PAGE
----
or pole·axe

[ pohl-aks ]
/ ˈpoʊlˌæks /
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noun, plural pole·ax·es [pohl-ak-siz]. /ˈpoʊlˌæk sɪz/.

a medieval shafted weapon with blade combining ax, hammer, and apical spike, used for fighting on foot.
an ax, usually with a hammer opposite the cutting edge, used in stunning and slaughtering animals.
an ax with both a blade and a hook, formerly used in naval warfare to assist sailors in boarding vessels.

verb (used with object), pole·axed, pole·ax·ing.

to strike down or kill with or as if with a poleax.



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Let’s start with some etymology: What are the origins of the typographical word “bracket”?

Origin of poleax

First recorded in 1300–50; Middle English pollax “battle-ax,” literally, “head-ax” (see poll1, ax); akin to Middle Low German polexe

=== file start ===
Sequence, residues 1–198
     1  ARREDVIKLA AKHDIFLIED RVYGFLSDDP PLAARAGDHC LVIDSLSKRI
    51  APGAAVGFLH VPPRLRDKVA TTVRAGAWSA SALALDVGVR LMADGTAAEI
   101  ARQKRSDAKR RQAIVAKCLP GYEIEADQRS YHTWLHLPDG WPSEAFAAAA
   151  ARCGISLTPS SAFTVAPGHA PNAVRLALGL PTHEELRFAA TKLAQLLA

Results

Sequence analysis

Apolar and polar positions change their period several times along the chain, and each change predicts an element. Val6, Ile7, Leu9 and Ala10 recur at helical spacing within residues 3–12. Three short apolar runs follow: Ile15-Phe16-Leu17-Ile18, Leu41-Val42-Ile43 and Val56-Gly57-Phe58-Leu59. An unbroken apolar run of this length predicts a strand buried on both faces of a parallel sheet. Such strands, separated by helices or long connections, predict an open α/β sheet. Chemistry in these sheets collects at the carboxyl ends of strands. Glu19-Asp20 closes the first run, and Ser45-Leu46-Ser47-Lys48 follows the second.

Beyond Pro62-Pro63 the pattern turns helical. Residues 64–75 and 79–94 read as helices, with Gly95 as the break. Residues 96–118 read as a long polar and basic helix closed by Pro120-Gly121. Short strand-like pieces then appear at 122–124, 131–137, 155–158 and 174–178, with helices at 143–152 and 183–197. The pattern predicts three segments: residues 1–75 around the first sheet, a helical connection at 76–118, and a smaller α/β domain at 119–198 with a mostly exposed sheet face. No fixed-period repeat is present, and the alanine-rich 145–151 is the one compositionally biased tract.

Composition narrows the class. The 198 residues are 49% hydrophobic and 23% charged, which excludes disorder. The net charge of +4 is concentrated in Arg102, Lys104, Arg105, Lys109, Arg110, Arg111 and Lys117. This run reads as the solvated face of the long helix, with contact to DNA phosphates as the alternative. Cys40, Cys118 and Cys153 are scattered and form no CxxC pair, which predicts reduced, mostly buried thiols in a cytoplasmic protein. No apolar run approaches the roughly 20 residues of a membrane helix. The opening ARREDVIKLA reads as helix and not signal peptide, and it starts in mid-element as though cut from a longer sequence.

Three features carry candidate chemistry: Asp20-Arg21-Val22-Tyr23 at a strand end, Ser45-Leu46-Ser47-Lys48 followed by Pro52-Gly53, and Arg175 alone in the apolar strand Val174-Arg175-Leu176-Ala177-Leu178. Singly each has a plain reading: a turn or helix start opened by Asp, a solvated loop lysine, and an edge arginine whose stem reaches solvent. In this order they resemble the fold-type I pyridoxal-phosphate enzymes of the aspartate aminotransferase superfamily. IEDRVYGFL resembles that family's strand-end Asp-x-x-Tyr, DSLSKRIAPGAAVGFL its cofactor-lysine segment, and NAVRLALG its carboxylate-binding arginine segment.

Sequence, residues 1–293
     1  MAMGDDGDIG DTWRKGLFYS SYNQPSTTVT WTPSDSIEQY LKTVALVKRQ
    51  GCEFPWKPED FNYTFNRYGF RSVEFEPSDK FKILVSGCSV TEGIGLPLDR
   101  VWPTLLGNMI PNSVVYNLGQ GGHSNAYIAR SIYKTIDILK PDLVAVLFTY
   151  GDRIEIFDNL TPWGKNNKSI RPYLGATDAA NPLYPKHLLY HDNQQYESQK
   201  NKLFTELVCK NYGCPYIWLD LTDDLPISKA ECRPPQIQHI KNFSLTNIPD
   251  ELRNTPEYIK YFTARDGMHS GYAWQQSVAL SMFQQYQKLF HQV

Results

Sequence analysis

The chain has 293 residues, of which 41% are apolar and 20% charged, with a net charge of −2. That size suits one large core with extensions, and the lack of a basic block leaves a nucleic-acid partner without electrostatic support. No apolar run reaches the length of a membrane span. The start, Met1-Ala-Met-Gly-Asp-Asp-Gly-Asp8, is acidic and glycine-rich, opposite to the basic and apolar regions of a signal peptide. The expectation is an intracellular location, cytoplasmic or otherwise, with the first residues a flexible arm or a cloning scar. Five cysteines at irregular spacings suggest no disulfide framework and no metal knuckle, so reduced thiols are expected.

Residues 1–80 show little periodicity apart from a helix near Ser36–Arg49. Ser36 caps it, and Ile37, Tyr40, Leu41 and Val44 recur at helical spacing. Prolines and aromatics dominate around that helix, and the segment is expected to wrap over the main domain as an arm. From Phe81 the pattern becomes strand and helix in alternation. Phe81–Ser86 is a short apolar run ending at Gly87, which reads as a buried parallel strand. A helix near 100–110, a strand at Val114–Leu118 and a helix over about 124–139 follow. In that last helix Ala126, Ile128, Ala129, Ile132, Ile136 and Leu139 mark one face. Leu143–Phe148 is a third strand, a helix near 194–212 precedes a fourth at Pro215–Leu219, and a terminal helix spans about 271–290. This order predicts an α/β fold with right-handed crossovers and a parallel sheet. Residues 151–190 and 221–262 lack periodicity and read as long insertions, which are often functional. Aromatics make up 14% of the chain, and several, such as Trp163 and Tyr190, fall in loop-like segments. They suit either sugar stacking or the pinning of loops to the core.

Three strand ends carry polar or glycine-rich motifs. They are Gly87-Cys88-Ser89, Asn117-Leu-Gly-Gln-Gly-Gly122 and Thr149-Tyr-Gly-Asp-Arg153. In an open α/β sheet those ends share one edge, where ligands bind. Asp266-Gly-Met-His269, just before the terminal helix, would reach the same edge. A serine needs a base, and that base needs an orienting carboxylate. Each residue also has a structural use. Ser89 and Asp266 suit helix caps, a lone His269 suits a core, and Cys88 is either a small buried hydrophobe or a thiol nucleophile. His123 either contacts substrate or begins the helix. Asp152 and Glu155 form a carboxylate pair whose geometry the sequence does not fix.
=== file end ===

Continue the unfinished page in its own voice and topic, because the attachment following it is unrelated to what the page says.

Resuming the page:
Dictionary.com Unabridged Based on the Random House Unabridged Dictionary, © Random House, Inc. 2021

Example sentences from the Web for poleax

  • As if poleaxed, the green man fell; and both the adventurers recovered their feet.

    The Heads of Apex|Francis Flagg
  • I should simply have been poleaxed and dropped overboard, while the yacht sailed away.

  • And I suppose if we strangled the children and poleaxed the husbands it would leave women free for higher culture.

    All Things Considered|G. K. Chesterton
  • The sentry fell to the ground like a poleaxed steer and lay still.

    The Revolt on Venus|Carey Rockwell
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